Thursday, May 21, 2015

AZ SENATOR JOHN McCAIN & ARIZONA BANKERS ASSOCATION APPLAUD UPCOMING FDIC WORKSHOP ON BORDER BANKING IN NOGALES, ARIZONA

Washington, D.C. ­– U.S. Senator John McCain (R-AZ) applauded the Federal Deposit Insurance Corporation (FDIC) for its decision to host an educational workshop on cross-border business on June 16 in Nogales, Arizona. 
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The workshop follows a letter sent by Senators McCain and Jeff Flake (R-AZ) in February urging the Senate Committee on Banking, Housing and Urban Affairs to hold a hearing on community and business access to banking services in states on the U.S.-Mexico border.

“I am pleased that the Federal Deposit Insurance Corporation (FDIC) has agreed to hold an educational workshop in Nogales to examine banking access in communities along the Arizona Border,” said Senator John McCain. “In recent months, Arizonans who own and operate cash-intensive business along Arizona’s southern border, have expressed concern about access to banking. This workshop will cover a wide range of issue relevant to border banking, including compliance with anti-money laundering regulations, and will serve as a valuable resource to bankers and businesses whose livelihoods heavily depend on cross-border transactions.”

Paul Hickman, President of the Arizona Bankers Association, also applauded the workshop: “We are grateful the FDIC is focusing on Anti-money Laundering/Bank Secrecy Act compliance issues with bankers and businesses on the border. A better understanding of supervisory expectations on the part of the banking industry and the business community on the border can only improve the financial infrastructure and legitimate commercial ecosystem that is essential for commerce and economic growth in the region.”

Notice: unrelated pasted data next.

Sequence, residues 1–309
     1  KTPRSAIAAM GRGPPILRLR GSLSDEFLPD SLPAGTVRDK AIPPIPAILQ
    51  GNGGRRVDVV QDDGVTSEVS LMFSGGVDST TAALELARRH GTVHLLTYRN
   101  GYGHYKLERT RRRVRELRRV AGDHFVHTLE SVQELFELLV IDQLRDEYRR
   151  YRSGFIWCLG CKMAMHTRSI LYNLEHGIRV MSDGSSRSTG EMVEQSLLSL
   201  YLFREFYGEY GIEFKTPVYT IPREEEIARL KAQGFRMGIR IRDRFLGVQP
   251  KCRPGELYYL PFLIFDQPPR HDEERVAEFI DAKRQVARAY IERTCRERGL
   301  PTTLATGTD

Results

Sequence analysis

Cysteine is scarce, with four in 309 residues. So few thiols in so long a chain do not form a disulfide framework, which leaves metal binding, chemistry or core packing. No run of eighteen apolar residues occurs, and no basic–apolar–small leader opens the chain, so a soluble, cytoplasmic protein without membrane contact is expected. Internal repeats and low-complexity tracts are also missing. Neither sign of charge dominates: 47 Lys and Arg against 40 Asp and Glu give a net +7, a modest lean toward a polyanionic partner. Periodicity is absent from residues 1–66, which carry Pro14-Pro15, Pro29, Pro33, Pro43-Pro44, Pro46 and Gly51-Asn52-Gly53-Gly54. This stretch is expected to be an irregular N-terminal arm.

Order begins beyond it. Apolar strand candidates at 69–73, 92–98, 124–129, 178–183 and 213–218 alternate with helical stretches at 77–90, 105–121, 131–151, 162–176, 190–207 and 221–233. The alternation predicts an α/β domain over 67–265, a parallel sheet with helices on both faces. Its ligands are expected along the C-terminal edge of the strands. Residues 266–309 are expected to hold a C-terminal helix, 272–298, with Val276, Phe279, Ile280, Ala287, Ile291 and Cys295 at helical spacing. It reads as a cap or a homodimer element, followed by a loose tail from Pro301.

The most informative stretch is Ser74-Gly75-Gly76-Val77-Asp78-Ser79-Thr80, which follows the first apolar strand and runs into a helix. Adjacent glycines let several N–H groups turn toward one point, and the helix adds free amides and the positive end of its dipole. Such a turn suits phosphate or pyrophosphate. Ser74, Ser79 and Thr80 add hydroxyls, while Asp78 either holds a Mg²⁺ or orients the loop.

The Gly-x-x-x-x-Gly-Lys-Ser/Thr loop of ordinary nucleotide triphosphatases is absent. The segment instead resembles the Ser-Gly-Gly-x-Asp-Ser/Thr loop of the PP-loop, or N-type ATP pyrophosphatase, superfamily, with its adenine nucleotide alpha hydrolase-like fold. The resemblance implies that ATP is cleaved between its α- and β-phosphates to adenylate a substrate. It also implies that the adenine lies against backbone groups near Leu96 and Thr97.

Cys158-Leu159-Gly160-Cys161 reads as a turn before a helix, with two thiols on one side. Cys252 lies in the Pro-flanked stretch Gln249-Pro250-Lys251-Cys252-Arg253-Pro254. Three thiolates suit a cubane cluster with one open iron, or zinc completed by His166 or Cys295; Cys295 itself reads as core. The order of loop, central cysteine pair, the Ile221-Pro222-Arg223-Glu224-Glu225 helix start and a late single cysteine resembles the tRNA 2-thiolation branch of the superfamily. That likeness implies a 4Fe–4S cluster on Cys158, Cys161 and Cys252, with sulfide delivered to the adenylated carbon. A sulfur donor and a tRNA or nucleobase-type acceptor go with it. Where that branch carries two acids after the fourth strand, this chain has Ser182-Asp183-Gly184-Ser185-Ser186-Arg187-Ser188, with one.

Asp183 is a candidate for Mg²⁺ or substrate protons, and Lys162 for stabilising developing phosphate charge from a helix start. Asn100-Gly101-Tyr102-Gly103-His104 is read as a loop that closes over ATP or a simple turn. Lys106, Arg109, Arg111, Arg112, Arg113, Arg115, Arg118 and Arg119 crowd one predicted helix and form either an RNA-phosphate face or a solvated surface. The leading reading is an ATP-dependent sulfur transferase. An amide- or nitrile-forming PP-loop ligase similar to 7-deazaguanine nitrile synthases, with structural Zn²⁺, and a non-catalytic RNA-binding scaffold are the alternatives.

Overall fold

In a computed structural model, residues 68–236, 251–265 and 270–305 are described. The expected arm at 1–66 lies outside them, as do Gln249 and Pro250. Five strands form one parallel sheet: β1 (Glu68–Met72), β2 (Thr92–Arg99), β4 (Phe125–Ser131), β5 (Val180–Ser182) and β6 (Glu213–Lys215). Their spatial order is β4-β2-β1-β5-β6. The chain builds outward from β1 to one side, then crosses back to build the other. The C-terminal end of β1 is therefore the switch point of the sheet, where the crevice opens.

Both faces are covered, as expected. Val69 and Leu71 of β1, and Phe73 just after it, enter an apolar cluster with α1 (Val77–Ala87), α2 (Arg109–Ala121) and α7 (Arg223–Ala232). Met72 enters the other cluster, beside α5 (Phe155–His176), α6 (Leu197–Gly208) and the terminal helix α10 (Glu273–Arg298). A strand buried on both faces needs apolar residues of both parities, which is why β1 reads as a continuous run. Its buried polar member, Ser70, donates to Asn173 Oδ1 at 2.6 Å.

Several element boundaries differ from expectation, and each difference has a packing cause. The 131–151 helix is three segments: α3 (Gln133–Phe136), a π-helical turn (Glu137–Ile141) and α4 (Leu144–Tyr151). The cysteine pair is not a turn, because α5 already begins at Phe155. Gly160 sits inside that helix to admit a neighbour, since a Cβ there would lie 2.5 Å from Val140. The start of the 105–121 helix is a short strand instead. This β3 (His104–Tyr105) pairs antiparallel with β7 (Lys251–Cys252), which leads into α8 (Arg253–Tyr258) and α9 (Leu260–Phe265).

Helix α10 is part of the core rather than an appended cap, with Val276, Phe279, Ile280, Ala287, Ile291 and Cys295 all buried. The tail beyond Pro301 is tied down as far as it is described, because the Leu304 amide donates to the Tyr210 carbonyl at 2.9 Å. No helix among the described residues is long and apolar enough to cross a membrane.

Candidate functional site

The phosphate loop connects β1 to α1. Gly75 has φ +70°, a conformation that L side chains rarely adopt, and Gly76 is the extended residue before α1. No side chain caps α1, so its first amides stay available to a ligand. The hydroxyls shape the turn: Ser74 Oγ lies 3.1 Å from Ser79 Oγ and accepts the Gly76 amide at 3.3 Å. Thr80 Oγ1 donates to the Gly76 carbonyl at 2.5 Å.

In September 2014, Senators McCain sent letters to the heads of four large banks – Bank of America, Citigroup, JPMorgan Chase, and Wells Fargo – requesting information about several branch closures, which have created higher transaction costs and substantial difficulties for Arizona companies engaged in cash-intensive lines of business in cities and towns along the U.S.-Mexico border.

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